Group of sculptures in the Paseo de Sarasate

In 1734, Felipe V promoted the construction of the Royal Palace in Madrid, with work subsequently starting in 1738. The new building was decorated with a sculpture program by P. Sarmiento, a disciple of Feijoo, and who submitted his proposal in 1747. His idea was to provide an overview of the History of Spain, based on its most important personalities. The sculptural work was directed by Olivieri, under the supervision of Antoine Dumandré and Philippe Boiston, and by Felipe de Castro. The artistic project comprised the creation of 94 statues, a collection of reliefs, portrayals of Roman emperors and sundry items. The sculpture workshop employed French, Italian and Spanish artist and the historical personalities included some monarchs from the Kingdom of Navarre, such as Sancho the Great and Sancho the Strong. A. Carnicero was commissioned to create the image of Sancho the Great, whilst Andrés de los Elgueros was responsible for Sancho the Strong. 1885 marked the start of the work to redevelop the Paseo de Sarasate parade in Pamplona (then called the Paseo de Valencia) with a project by Navarre architect Florencio Ansoleaga. In a letter dated 14th April 1885, Nicasio Landa had already submitted to the city mayor an idea, supported by Iturralde y Suit, to obtain six statues of kings of Navarre, which could perhaps serve to decorate the Paseo. Specifically, he referred to the following personalities: «Iñigo García, the Bearded one (770), Alfonso I, the Warrior (1104) , Sancho VI, the Wise (1150), Sancho VII, the Strong (1194), Teobaldo I of Champagne (1234), Juana II, of Evreux (1329)». In April the city council agreed to send José Soler to Madrid to inspect the condition of these particular sculptures, which were held in the Royal Palace storerooms. Once this had been done, the Council sent a letter dated 18th April to the King to formally request the six sculptures, in addition to two urns, which were all to be used to decorate the Paseo de Valencia. The request was accepted, with the exception of the urns. Although the city council, supported by figures such as Landa and Iturralde y Suit, desired statues of the kings of Navarre, in actual fact the sculptures were taken from the royal storage house «in a pack» and it is not known what was actually sent from Madrid or delivered to Pamplona, except in two cases: the statues of Doña Bárbara de Braganza and Fernando VI. The unveiling of the statues, once located in the Paseo de Sarasate, took place in 1885. After a change in position within the Paseo in 1956, moving them closer together and orienting them to face the Court building, in 1972 the statues were returned to their original positions. The Spanish Employer"s Association requested the Council to exchange the statues of Bárbara de Braganza and Fernando VI for two statues corresponding to kings of Navarre and which were identified as Felipe III of Navarre and García Ramírez the Restorer, although there is some doubt about the coherence of this identification in relation to the iconography of both personalities. In 2008, at the request of the Pamplona City Council, the six sculptures were cleaned and restored. Of the six statues exhibited in the Paseo de Sarasate, only two are identified with a plaque, specifically Felipe III of Navarre and García Ramírez, the Restorer. Of the six figures, three are wearing armour and two have a crown, or rather a tiara. Sarmiento is known to have ordered that the Scandinavian kings Recciario and Theodomiro should not be given crowns «but pearl tiaras, like the Greek Orientals», whilst he indicated that monarchs Ramiro, Jaime de Aragón and the Navarre kings Sancho the Great and Sancho the Strong must be given «royal crowns». In addition, for Sancho the Strong, he stated that «he must have a shield with the chains won in the battle of Las Navas». However, looking at the statues, it is not possible to tell for certain whether the sculptures are wearing a crown or a tiara and it is therefore difficult to definitely state that they actually correspond to the Navarre kings indicated.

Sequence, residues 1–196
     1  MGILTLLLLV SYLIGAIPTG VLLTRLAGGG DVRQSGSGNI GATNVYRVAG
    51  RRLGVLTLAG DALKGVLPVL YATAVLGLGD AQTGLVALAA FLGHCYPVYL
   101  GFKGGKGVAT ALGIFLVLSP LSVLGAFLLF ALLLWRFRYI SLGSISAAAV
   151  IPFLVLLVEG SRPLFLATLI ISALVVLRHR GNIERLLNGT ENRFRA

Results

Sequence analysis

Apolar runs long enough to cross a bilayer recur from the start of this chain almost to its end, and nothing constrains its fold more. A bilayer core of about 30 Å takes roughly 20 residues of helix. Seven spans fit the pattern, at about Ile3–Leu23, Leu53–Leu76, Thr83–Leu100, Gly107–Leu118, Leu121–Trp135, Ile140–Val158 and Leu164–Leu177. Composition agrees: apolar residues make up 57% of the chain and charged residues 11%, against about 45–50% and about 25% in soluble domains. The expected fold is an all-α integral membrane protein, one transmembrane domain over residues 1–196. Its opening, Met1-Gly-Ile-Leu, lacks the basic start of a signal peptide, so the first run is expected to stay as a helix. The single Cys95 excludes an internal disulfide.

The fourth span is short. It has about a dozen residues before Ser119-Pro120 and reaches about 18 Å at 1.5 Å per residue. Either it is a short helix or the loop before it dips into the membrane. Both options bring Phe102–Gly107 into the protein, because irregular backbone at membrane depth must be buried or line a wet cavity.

Ignacio Urricelqui